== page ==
The two rolled back and forth on the floor, trading blows. Billy’s punches began to tell. Caleb suddenly tore free and surged to his feet. He turned to run and Billy shot out a hand to catch a booted ankle.
Caleb crashed to the floor again and Billy swarmed over him, raining fists as the younger man tried to cover up. When he couldn’t get in a solid punch, Billy climbed to his feet, grasped Caleb by his shirt and jerked him upright. Caleb stood nearly defenseless as Billy slammed a blow into his belly. Caleb doubled over, groaning, his mouth spewing fitful spurts of green bile.
Billy jerked Caleb back up straight and hit him in the face. The younger man would have fallen if Billy hadn’t held him. Billy began slapping Caleb then, the sound loud as his palm cracked back and forth.
“Stay. Away. From. Katy!” Billy snarled.
He punched Caleb again, was about to let the boy fall when a screeching wildcat came from nowhere and jumped on Billy’s back. Fingernails raked Billy’s cheek, drawing bright flashes of blood. Billy cried out, reached over his shoulder and grabbed cloth while he twisted his body and flung his attacker over his shoulder into the saloon’s piano.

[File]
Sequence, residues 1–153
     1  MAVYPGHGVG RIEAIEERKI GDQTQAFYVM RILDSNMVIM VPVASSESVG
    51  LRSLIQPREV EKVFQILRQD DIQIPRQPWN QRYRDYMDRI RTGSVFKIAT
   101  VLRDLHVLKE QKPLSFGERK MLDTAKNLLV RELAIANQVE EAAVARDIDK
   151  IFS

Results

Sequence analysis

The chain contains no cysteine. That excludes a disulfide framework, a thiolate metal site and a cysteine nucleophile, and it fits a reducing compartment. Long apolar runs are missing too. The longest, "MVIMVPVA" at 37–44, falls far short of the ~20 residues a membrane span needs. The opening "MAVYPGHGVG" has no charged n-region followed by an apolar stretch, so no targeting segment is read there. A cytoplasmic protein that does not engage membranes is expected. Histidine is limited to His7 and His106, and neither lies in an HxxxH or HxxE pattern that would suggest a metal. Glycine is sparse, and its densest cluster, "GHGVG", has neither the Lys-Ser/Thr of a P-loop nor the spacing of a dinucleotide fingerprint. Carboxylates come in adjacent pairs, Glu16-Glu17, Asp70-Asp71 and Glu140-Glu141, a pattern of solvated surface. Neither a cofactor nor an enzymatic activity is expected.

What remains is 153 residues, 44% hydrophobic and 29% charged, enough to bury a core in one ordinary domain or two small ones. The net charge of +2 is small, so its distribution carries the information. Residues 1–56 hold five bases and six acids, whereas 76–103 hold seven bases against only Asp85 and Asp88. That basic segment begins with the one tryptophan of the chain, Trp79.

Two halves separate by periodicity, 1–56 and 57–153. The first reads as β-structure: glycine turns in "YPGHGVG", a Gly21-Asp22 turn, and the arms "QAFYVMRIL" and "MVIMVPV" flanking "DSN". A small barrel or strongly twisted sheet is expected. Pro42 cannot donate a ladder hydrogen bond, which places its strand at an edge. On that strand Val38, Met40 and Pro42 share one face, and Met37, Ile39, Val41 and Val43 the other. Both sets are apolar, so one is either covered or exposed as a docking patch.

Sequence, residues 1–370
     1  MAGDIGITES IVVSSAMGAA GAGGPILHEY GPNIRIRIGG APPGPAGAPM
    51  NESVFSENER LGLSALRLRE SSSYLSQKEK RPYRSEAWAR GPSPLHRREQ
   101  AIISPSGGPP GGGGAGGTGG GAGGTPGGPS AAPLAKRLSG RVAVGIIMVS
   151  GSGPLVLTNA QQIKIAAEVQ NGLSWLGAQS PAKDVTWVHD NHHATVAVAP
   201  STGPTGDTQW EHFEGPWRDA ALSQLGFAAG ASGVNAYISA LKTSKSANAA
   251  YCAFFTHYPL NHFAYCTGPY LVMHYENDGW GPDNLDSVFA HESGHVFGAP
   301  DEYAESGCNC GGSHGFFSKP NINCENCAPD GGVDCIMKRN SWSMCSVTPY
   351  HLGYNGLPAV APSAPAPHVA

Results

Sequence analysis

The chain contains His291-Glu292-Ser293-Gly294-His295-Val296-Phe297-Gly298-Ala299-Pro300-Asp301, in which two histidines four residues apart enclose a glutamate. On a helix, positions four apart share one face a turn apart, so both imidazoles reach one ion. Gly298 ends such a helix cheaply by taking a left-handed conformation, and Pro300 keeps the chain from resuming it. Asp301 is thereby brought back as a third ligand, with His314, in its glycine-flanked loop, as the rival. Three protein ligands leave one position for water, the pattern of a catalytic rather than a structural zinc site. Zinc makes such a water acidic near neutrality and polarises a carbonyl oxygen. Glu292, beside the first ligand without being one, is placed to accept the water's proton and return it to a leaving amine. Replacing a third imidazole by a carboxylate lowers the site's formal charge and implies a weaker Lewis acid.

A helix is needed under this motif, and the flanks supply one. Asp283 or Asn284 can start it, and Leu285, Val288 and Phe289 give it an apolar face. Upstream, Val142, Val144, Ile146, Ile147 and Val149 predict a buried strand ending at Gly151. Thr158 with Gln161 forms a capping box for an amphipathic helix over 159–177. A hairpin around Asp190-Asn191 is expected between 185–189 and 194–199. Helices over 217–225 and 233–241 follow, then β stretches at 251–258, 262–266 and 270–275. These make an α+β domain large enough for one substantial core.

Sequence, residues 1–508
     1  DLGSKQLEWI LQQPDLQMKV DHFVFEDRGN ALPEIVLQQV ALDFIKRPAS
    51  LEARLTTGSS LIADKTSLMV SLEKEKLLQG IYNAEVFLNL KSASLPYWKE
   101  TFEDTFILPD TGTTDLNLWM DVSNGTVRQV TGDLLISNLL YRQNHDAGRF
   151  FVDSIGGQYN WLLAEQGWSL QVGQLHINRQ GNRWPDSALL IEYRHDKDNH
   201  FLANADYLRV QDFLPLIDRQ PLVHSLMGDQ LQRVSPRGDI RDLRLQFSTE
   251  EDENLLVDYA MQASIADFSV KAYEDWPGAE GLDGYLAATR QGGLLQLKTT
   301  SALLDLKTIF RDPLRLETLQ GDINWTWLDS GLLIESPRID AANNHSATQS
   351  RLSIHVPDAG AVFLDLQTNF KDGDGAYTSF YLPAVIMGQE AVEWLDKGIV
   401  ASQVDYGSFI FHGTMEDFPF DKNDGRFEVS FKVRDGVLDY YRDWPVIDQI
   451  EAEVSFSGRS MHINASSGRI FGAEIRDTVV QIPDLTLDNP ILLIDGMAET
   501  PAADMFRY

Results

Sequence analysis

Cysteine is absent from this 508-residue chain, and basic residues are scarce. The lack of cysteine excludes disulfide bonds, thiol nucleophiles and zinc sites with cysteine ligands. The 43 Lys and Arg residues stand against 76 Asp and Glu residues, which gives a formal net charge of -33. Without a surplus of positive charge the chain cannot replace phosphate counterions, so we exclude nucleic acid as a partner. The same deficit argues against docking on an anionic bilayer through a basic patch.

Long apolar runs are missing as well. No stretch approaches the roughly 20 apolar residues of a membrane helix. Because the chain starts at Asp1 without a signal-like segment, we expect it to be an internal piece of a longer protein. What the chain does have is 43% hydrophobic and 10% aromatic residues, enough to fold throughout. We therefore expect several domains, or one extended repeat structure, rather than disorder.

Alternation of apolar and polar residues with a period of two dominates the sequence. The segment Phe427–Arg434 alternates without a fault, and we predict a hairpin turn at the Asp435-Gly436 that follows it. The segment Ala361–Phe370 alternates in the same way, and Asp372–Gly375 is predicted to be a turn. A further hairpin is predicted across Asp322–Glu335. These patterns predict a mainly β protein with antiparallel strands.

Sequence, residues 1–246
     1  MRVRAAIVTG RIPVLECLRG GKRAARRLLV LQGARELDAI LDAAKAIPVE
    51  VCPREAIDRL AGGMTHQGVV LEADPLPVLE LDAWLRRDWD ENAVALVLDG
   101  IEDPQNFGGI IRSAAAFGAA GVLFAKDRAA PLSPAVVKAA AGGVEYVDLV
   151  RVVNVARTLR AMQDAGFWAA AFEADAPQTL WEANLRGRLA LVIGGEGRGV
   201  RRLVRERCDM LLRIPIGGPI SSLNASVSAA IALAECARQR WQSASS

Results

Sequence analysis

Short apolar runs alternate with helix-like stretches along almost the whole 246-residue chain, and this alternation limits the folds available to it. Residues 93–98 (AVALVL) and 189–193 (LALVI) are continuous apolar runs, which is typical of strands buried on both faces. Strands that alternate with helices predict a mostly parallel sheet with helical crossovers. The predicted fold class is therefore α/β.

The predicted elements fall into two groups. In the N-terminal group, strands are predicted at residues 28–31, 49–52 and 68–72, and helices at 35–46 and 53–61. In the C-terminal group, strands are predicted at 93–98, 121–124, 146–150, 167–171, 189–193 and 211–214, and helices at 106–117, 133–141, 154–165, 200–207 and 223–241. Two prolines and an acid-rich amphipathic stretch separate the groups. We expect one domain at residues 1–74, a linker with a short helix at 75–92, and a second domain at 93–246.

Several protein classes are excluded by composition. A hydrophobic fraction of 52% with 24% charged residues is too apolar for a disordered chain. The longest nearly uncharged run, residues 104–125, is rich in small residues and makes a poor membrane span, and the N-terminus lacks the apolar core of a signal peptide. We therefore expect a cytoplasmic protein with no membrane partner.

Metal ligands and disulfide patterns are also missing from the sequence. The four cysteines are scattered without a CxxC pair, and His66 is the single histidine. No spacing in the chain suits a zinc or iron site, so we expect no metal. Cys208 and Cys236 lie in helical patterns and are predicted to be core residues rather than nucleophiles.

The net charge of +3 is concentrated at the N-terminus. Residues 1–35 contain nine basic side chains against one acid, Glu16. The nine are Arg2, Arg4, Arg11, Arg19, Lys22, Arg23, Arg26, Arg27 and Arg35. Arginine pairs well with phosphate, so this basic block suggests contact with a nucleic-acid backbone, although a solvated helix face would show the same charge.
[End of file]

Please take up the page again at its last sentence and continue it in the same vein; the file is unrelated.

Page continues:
A wild jangle of broken notes sounded. The piano crashed down. For a moment, Billy stood frozen. Then. “Oh my God! Katy!”
Billy dropped to his knees beside the still form of the woman he loved. Her dress was torn at the shoulder, revealing pale flesh. Blood reddened her hair at one side and dribbled down her face. Her eyes were closed.
“No!” Billy screamed. “Katy!” He grabbed her, shook her. A blow from behind knocked him unconscious.
* * *
Thunder woke Billy. He sat up slowly, wincing at the pain in his head. It was dark, though a faint glow came from somewhere. Billy realized where he was—the Liberty jail. He struggled to his feet and over to the barred window. A sudden rain lashed against it; the cold spell had broken. The night was ripe with storm.
Billy grasped the bars, then sagged. “Katy,” he murmured.
Was she alive? She’d been so still. Surely he hadn’t killed her, not the girl he loved. He had to know. The door leading into the front office of the jail was slightly ajar. Lantern light bled through the crack.
“Sheriff,” Billy called, “Sheriff!”
No response. Billy shook his head, staggered to his cot and fell on it. For a long time he lay there. Then a brighter light bloomed in the other room and he sat up.
“Sheriff?” he questioned.